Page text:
1931 Ford Model T - The Budget Beater, Part 4
Part 4: Getting Motorvated and Ready for the Road
From the February, 2009 issue of Rod & Custom
By Jim Rizzo
This installment of the Budget Beater comes to you from the road (Albuquerque, NM, to be exact). Yep, at this point in time the Beater's together, not totally finished, but in the midst of its shakedown run--Americruise '04.
Now, a nearly 5,000-mile-round-trip test run may seem a bit extreme, but what the heck. Life's supposed to be an adventure and I can't think of a better way to work the bugs out of a freshly built hot rod than a road trip!
So far I've run into a couple of minor hiccups: a slight oil leak caused by excessive blow-by (I didn't use a PCV valve) and one broken bolt on the front Panhard bar (must have got a cheap Grade 2 bolt mixed in by mistake). With those two minor aggravations handled, the rest of the first day on the road came off without a hitch. That is, of course, if you discount the fact that it must have been about a 120 degrees between Barstow and Kingman. Anyway, this morning we head out to New Mexico. I'll let you know how everything goes in an upcoming story or two, but for now let's get back and take a peek at some more of the beater as it goes together.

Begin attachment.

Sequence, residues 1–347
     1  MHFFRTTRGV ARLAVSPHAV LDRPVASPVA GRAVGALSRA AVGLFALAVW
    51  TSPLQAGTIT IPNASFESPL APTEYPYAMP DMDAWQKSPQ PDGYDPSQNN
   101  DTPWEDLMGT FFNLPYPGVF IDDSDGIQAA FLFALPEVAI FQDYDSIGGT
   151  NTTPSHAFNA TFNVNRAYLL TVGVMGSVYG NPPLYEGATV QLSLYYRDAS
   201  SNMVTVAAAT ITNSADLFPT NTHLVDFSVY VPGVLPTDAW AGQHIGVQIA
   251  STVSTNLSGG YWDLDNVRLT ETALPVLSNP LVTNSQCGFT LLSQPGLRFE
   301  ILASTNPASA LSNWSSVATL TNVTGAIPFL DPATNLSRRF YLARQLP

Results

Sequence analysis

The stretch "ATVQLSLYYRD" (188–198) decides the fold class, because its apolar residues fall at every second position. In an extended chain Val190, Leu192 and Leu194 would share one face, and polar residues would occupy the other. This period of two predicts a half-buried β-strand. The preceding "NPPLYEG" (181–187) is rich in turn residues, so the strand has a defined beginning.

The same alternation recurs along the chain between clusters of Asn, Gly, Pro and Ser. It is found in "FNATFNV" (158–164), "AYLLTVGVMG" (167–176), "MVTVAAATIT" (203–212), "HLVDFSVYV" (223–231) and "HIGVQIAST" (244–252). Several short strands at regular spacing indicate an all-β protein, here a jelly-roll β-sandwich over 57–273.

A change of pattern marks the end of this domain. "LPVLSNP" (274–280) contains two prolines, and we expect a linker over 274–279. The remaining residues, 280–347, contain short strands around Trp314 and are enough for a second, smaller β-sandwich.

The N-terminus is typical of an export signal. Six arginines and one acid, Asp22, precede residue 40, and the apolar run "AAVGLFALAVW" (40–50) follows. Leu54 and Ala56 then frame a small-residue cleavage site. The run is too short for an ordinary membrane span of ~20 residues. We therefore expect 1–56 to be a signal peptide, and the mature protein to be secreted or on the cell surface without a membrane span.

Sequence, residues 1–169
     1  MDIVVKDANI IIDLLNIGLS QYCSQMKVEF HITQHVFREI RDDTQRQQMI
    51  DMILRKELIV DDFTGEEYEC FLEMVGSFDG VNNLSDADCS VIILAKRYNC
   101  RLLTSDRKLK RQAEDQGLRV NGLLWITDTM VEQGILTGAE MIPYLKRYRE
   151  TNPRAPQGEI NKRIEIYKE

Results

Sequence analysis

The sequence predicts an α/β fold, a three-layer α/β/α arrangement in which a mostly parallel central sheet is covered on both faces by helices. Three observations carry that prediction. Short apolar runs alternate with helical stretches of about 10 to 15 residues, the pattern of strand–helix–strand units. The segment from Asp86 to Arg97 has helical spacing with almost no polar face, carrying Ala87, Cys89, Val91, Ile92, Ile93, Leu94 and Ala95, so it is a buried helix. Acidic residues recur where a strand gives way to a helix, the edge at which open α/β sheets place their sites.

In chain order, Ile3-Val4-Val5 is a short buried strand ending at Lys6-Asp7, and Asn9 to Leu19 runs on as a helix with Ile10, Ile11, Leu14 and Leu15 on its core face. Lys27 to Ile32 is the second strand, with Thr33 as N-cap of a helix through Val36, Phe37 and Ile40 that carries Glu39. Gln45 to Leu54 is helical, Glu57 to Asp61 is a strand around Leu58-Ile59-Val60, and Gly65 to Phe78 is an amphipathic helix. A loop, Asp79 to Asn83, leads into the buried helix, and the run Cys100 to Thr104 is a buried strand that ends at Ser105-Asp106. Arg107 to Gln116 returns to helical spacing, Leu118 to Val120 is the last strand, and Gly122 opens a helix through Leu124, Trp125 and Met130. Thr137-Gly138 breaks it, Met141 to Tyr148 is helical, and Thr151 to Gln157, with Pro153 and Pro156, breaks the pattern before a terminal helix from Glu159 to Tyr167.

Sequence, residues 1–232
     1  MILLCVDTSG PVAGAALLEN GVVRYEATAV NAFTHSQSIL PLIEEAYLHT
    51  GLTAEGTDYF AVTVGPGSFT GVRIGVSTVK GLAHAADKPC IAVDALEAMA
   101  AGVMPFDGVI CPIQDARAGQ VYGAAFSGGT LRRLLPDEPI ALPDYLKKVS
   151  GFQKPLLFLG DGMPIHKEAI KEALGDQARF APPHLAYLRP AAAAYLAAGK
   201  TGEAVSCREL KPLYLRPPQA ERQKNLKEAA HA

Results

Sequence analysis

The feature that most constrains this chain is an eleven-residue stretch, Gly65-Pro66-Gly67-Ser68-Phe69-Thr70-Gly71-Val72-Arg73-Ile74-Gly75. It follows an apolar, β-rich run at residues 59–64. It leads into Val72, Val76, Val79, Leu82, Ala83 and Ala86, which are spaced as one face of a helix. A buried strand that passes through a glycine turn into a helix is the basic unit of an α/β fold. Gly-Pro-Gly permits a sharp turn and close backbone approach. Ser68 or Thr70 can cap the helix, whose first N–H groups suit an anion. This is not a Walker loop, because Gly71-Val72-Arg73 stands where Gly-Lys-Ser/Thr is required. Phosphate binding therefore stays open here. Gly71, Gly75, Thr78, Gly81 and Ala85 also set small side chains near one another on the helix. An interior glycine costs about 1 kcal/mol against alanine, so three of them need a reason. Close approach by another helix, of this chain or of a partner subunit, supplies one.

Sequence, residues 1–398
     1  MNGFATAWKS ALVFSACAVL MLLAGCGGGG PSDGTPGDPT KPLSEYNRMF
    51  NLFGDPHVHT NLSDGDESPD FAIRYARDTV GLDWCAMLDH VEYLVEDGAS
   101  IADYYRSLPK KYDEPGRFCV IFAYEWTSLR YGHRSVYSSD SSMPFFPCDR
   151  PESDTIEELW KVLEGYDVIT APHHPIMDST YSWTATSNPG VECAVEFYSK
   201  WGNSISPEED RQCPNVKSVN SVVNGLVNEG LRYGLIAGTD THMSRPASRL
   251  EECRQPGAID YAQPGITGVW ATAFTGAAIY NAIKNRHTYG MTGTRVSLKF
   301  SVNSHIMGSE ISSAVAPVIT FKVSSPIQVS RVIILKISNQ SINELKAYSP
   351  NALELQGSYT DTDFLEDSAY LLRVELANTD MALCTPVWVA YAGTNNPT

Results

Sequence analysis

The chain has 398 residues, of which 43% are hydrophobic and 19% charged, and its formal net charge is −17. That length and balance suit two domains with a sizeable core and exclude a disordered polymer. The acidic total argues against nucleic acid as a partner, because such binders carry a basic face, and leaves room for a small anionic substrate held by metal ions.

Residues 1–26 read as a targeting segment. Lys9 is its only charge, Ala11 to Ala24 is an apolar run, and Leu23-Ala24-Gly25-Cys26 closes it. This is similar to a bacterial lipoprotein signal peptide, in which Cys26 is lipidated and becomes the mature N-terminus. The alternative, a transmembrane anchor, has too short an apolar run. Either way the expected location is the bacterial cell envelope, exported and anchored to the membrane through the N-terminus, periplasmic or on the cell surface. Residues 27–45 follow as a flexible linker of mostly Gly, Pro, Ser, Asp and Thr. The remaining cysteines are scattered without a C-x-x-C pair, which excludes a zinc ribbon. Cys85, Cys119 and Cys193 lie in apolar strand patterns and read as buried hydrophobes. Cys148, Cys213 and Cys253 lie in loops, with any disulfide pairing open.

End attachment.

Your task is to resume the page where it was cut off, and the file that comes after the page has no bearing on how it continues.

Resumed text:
Though I'd originally planned...
Though I'd originally planned on using the Olds motor Dan Kahn has been chronicling as the powerplant for the pickup, some production setbacks caused me to rethink my plans. Luckily for me, my close friend Archie Green of Archie's Automotive in Ontario, CA, came to my rescue yet again. Archie had a good, running SBC and a TH400 sitting under his workbench, just waiting for a home. A quick bath and minor freshening were all they needed, and within hours my motorvation quandary was solved.
The motor and trans were lowered...
The motor and trans were lowered into place and mocked into position. Then I proceeded to fab up a pair of motor and trans mounts to hold everything in place.
As it's the "Budget Beater,"...
As it's the "Budget Beater," I of course decided that a little bit of my time was better spent than a little bit of my budget, so I fabbed up my mounts rather than buying 'em. A piece of 3/8-inch plate, a couple lengths of 1 1/4-inch-diameter tubing, and a section of 2x4 rectangular tubing fit the bill nicely.
Since the engine had been...